cell phone SMS text messageAccording to Dr Pieter E. Streicher, managing director at BulkSMS.com, “We need an etiquette tailored for business people who communicate on the move. The increase in cellphone usage for work and private calls or messaging is becoming a source of irritation and psychological stress within, and outside, the workplace.”

See below for BulkSMS.com’s 10 tips on cellphone etiquette for the work environment.

*10 Cellphone Etiquette Tips*

1. Use SMS to reduce the social intrusion of a call. When a cellphone call is replaced by an SMS message it is less intrusive as it gives the recipient an opportunity to reply or call back when convenient. Cellphones should be viewed differently from fixed line phones. Unlike fixed line phone calls, cellphone calls are often received in situations requiring our focused attention such as driving a car, during meetings, or at social gatherings. The public use of the cellphone intrudes into the social space of anybody within earshot, making a private communication a public spectacle.

    2. Enable the “Silent” setting on your cellphone in public places or open offices spaces. This will allow you to minimise the noise your ringtone or message alert makes in areas where several people may be disturbed by a ringing or beeping cellphone.

    3. Use SMS like a pager. SMS is an unobtrusive way to get hold of a person as there is no immediate compulsion to reply to the SMS. If a cellphone is turned off, the SMS will be delivered shortly after it is switched on. When fixed line calls are not answered it is assumed that no one is home. It is therefore acceptable to continue calling a fixed line number until someone answers. In contrast, a cellphone is usually carried on your person. When a cellphone call is not answered it may not be an opportune time to speak. It may be viewed as unnecessary harassment if calls are made continuously to a cellphone.

    4. Use SMS as a notepad. Request callers to SMS the required details after the call. A pen and notepad are common items near fixed line phones for writing down instructions and phone numbers. In contrast, it is often difficult to take notes during a cellphone conversation, especially when driving a car (with a hands-free kit) or when listening to multiple voice messages.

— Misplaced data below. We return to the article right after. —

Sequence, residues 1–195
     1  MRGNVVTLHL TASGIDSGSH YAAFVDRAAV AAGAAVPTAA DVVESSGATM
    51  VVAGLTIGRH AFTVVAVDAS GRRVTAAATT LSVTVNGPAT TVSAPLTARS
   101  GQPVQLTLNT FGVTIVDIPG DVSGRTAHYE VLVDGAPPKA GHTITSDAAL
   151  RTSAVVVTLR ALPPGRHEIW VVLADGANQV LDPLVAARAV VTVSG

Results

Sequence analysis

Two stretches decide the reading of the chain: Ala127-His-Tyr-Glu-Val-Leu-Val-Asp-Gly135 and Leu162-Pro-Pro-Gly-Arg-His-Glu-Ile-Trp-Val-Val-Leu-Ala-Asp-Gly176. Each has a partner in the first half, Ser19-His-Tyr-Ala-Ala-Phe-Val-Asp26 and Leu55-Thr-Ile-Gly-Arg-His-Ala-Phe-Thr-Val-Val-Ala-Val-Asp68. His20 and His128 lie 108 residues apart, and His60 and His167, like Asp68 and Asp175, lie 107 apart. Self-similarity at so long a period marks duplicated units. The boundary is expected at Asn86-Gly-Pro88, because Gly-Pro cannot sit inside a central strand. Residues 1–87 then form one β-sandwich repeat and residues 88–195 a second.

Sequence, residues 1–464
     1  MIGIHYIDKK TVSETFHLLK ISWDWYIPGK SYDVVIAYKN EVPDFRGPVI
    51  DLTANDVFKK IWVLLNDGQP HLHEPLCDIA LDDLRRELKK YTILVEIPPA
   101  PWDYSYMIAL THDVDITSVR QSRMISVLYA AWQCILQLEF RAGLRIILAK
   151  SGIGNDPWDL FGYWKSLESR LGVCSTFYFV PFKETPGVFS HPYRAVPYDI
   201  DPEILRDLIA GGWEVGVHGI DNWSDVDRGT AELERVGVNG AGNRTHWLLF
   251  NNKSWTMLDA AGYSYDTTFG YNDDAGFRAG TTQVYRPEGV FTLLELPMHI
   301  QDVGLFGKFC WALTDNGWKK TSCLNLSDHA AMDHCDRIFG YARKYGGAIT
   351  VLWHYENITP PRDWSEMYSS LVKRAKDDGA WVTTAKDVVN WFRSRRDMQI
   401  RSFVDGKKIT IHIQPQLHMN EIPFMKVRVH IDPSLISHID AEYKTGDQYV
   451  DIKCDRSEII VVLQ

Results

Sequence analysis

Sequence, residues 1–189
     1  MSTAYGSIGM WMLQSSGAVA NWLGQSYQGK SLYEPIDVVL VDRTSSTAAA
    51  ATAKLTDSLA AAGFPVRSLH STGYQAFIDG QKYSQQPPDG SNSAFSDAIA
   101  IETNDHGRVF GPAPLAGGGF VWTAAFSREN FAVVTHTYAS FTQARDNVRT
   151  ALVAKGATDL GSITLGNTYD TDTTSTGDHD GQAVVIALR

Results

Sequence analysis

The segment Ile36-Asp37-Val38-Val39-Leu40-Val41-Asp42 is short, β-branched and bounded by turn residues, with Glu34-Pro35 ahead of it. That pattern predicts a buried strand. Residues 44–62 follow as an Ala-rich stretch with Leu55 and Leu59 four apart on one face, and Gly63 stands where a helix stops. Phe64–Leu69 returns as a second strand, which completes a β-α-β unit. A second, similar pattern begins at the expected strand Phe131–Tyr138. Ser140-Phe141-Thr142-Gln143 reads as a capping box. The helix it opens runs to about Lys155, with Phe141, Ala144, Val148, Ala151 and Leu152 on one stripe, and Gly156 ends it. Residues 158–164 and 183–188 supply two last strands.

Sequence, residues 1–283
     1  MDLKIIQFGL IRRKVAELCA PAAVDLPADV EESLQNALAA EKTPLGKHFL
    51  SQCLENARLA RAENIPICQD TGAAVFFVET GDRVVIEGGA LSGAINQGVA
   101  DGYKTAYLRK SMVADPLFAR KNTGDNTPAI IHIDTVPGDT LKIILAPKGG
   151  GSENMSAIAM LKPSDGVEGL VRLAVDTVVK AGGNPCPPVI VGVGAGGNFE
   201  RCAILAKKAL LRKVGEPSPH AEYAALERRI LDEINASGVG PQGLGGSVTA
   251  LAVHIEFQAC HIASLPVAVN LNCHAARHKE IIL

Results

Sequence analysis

5. Change your voicemail greetings to include: “Don’t leave a message, rather SMS me”.

    6. Instead of leaving a voicemail message send an SMS. This removes the need to write down details while listening to messages. Furthermore, scrolling through SMS messages is much quicker than listening to many voicemail messages.

    7. Use SMS to send regular updates on a business process directly to a customer’s cellphone. Businesses are finding that customers appreciate receiving regular updates in any extended business process; such as the repairing a car, the delivery of items ordered online, or when new a cheque book is available for collection.

    8. Avoid the inappropriate use of SMS messaging. Consumers do not appreciate unwanted marketing messages. Unwanted messages are seen as spam. There are regulations prescribing opt-in and opt-out procedures via SMS. Businesses contravening these codes of conduct for commercial messages can be heavily fined by the regulatory authority.

    9. Ensure that there is an opt-out mechanism for consumers when sending out marketing messages via SMS. An SMS channel ensures that a consumer does not have to make unnecessary phone calls to networks or wireless application service providers to remove themselves from a database.To opt-out from unwanted commercial SMS messages, a consumer should be able to reply with the word “Stop”. Visit WASPA for more details.

    10. Use a desktop SMS messaging solution, such as the BulkSMS Text Messenger, that supports the sending and receiving of personalised individual and bulk messages. This allows you to customise your communications and track conversations with your consumers, clients or suppliers and promotes efficient internal and external business communications. Businesses should heed the changing social norms of cellphone use. In certain situations, customer, client or supplier preference to receive SMS messages rather than voice calls necessitates the implementation of an SMS solution across all departments of a business.

    Download the full media release here.